switch (index) {
          case 0: {
            datePickerView.date = [orderRow valueForKey:@"OrderDate"];
            [self showPicker:(UIPickerView *)datePickerView];
            break;
          }
          case 1: {
 
            break;
	  }
        }
      }
    }
}

When you compile and run the application, you should get something like the following:

Finally, we need to implement our custom UIPickerView, which is quite simple. At the beginning we need to create a custom UIPickerView and set its data source and delegate properties:

- (void)viewDidLoad {
    ...    
    statePickerView = [[UIPickerView alloc] init];
    [statePickerView setDataSource:self];
    [statePickerView setDelegate:self];
    [statePickerView setShowsSelectionIndicator:YES];
}

Then we need to add a support UIPickerViewDataSource protocol to our editor class and implement several methods, as shown below:

 
#pragma mark - Custom Picker routines
 
// callback method for filling content for our custom statuses picker
- (NSString *)pickerView:(UIPickerView *)pickerView 
             titleForRow:(NSInteger)row 
            forComponent:(NSInteger)component {
 
    if (pickerView == statePickerView)
        return [[DataAccess sharedInstance] nameForOrderStatus:row];
    return @"";
}
 
- (NSInteger)numberOfComponentsInPickerView:(UIPickerView *)pickerView{
 
    // it should be a simple picker with a single component
    if (pickerView == statePickerView)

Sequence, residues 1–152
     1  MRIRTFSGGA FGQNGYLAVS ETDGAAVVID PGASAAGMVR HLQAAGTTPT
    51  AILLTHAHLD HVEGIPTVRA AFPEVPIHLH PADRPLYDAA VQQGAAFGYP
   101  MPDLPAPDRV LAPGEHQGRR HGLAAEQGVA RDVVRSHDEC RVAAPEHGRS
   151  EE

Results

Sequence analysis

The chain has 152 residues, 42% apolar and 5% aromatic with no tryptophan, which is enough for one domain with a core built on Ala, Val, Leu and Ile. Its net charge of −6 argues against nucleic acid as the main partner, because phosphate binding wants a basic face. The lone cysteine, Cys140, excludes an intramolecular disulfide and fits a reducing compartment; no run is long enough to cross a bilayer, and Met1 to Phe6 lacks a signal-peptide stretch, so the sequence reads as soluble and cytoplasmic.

return 1;
    return 0;
}
 
- (NSInteger)pickerView:(UIPickerView *)pickerView numberOfRowsInComponent:(NSInteger)component {
 
    if (pickerView == statePickerView)
        return [[[DataAccess sharedInstance] orderStatusNames] count];
    return 0;
}

Change the tableView:didSelectRowAtIndexPath: method to show our state picker:

#pragma mark - Table view delegate
 
- (void)tableView:(UITableView *)aTableView didSelectRowAtIndexPath:(NSIndexPath *)indexPath {
   ...    
    switch (section) {
      case 0: {
        switch (index) {
          case 0: {
            ...
          }
          case 1: {
            [self showPicker:statePickerView];
            break;
          }
        }
      }
    }
}

That’s all. Now when you tap on the status cell of the editor, you should get something like this:

You can choose a new status, then click the done button and finally save the current order.

I’m slightly worried that you may find this blog post a little confusing and not easy to reproduce. We wrote quite a lot of code here, and I deliberately skipped some minor details, trying to make it easier, but you can download the whole source code from here and play with the project yourself.

Thank you for your attention ;)